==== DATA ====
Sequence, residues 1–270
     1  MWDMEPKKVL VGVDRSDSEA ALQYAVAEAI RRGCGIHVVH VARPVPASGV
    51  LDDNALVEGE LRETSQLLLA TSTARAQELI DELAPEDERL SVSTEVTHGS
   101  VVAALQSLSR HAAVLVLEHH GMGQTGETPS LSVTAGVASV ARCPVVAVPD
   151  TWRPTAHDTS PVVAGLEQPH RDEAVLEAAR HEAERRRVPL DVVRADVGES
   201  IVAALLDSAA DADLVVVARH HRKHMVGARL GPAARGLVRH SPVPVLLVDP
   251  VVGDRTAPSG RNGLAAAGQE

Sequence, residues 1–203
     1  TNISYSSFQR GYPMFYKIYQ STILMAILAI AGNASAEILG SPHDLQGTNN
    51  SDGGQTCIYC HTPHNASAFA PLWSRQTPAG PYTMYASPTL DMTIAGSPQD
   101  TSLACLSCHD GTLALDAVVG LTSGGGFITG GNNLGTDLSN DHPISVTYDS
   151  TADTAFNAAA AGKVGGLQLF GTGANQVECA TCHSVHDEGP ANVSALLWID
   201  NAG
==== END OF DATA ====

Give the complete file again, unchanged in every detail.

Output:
Sequence, residues 1–270
     1  MWDMEPKKVL VGVDRSDSEA ALQYAVAEAI RRGCGIHVVH VARPVPASGV
    51  LDDNALVEGE LRETSQLLLA TSTARAQELI DELAPEDERL SVSTEVTHGS
   101  VVAALQSLSR HAAVLVLEHH GMGQTGETPS LSVTAGVASV ARCPVVAVPD
   151  TWRPTAHDTS PVVAGLEQPH RDEAVLEAAR HEAERRRVPL DVVRADVGES
   201  IVAALLDSAA DADLVVVARH HRKHMVGARL GPAARGLVRH SPVPVLLVDP
   251  VVGDRTAPSG RNGLAAAGQE

Sequence, residues 1–203
     1  TNISYSSFQR GYPMFYKIYQ STILMAILAI AGNASAEILG SPHDLQGTNN
    51  SDGGQTCIYC HTPHNASAFA PLWSRQTPAG PYTMYASPTL DMTIAGSPQD
   101  TSLACLSCHD GTLALDAVVG LTSGGGFITG GNNLGTDLSN DHPISVTYDS
   151  TADTAFNAAA AGKVGGLQLF GTGANQVECA TCHSVHDEGP ANVSALLWID
   201  NAG